What to Do
If you notice any of these signs, take the person’s temperature. If it is below 95°F, the situation is an emergency. Get medical attention immediately. If medical care is not available, begin warming the person, as follows:
- Get the victim into a warm room or shelter.
- Remove any wet clothing from the victim.
- Warm the center of the body first, i.e. chest, neck, head and groin, using an electric blanket if available. Use skin-to-skin contact under loose, dry layers of blankets, clothing, towels or sheets.
- Warm beverages can help increase the body temperature, but do not give alcoholic beverages. Do not try to give beverages to an unconscious person.
- After body temperature has increased, keep the person dry and wrapped in a warm blanket, including the head and neck.
- Get medical attention as soon as possible.
A person with severe hypothermia may be unconscious and may not seem to have a pulse or to be breathing. In this case, handle the victim gently, and get emergency assistance immediately. Even if the victim appears dead, CPR should be provided. CPR should continue while the victim is being warmed, until the victim responds or medical aid becomes available. In some cases, hypothermia victims who appear to be dead can be successfully resuscitated.
Frostbite is an injury to the body that is caused by freezing. Frostbite causes a loss of feeling and color in affected areas. It most often affects the nose, ears, cheeks, chin, fingers or toes. Frostbite can permanently damage the body, and severe cases can lead to amputation. The risk of frostbite is increased in people with reduced blood circulation and among people who are not dressed properly for extremely cold temperatures.
At the first signs of redness or pain in any skin area, get out of the cold or protect any exposed skin. Signs of frostbite may include:
A white or grayish-yellow skin area
Skin that feels unusually firm or waxy
A victim is often unaware of frostbite until someone else points it out because the frozen tissues are numb.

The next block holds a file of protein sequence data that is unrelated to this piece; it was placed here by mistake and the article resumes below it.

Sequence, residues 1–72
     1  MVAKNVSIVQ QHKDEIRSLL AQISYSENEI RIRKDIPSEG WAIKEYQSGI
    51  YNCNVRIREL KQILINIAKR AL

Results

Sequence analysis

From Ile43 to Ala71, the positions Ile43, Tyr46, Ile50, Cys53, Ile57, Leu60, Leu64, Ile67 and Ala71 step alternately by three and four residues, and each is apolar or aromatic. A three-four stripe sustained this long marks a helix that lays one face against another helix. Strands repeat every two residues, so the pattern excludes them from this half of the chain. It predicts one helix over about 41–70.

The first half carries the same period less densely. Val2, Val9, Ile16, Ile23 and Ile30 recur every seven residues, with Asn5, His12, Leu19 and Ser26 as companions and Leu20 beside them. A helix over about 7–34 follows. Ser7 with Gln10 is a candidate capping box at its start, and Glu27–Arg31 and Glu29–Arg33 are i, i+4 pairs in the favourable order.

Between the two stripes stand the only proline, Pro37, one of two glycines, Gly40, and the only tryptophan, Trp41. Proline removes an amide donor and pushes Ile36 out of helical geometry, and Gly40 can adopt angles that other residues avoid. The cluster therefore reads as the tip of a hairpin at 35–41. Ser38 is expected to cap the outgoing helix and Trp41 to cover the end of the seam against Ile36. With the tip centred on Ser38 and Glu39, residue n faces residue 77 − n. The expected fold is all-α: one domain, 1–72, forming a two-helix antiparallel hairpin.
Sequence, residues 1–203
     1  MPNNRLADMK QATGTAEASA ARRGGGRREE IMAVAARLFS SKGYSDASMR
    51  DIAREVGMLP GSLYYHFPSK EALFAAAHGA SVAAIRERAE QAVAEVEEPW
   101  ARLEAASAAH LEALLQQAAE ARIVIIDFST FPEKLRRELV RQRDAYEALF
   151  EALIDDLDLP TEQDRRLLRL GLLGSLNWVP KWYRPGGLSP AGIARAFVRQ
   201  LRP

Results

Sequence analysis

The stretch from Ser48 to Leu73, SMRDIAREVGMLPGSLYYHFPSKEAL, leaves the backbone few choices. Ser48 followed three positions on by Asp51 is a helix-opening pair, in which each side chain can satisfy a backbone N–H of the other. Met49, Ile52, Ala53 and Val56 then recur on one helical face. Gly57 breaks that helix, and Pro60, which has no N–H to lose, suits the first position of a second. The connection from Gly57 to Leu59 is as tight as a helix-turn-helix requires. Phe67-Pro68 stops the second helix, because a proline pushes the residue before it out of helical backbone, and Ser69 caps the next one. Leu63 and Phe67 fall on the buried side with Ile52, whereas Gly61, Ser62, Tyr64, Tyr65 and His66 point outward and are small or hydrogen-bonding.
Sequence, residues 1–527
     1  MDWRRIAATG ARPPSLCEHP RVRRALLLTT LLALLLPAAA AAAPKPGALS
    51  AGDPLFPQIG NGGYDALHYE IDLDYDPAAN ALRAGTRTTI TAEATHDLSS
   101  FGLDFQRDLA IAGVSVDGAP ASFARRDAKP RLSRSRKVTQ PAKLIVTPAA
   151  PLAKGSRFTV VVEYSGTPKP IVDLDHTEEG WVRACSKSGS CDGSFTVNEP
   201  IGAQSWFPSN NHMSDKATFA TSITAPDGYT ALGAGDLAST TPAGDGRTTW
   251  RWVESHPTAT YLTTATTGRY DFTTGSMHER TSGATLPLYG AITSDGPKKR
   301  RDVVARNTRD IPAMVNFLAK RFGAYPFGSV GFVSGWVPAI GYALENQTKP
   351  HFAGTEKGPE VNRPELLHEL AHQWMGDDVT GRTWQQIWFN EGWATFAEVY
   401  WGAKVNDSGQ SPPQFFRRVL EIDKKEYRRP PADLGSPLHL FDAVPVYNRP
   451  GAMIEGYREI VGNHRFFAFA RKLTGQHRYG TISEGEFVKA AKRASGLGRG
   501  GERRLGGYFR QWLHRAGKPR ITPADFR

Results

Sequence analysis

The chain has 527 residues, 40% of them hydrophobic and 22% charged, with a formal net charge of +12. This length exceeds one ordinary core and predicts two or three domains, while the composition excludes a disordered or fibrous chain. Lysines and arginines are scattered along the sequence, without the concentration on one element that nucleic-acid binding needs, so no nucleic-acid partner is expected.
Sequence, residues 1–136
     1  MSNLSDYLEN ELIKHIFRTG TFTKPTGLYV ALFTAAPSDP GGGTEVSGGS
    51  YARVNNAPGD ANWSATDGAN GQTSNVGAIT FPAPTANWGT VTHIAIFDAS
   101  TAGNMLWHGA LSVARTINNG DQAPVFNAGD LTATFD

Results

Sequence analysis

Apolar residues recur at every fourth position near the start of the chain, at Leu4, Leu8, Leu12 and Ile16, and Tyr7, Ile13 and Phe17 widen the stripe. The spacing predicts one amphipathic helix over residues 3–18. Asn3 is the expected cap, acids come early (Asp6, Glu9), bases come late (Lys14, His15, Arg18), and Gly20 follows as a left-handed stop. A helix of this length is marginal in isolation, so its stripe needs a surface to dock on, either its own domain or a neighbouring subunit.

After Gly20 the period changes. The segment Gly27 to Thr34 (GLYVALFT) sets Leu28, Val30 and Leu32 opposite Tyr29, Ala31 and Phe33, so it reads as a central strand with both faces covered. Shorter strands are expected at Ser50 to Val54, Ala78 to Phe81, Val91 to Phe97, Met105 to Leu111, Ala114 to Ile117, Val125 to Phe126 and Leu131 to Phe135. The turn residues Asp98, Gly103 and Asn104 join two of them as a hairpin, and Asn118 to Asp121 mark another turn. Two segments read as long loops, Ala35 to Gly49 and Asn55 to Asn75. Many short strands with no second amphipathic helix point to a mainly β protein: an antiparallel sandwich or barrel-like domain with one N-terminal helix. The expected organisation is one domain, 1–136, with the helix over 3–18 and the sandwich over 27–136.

What to Do
If you detect symptoms of frostbite, seek medical care. Because frostbite and hypothermia both result from exposure, first determine whether the victim also shows signs of hypothermia, as described previously. If there is frostbite, but no sign of hypothermia, and immediate medical care is not available, proceed as follows:
Get into a warm room as soon as possible.
Unless absolutely necessary, do not walk on frostbitten feet or toes because this increases the damage.
Immerse the affected area in warm, not hot, water (the temperature should be comfortable to the touch for unaffected parts of the body).
Or, warm the affected area using body heat. For example, the heat of an armpit can be used to warm frostbitten fingers.
Do not rub the frostbitten area with snow or massage it at all because this can cause more damage.
Don’t use a heating pad, heat lamp, or the heat of a stove, fireplace, or radiator for warming. Affected areas are numb and can be easily burned.
These procedures are not substitutes for proper medical care. Hypothermia is a medical emergency, and frostbite should be evaluated by a health care provider. It is a good idea to take a first aid and emergency resuscitation (CPR) course to prepare for cold weather health problems. Knowing what to do is an important part of protecting your health and the health of others. Taking preventive action is your best defense against having to deal with extreme cold-weather conditions. By preparing your home and car in advance for winter emergencies, and by observing safety precautions during times of extremely cold weather, you can reduce the risk of weather-related health problems.
Excerpted from CDC web site: http://emergency.cdc.gov/disasters/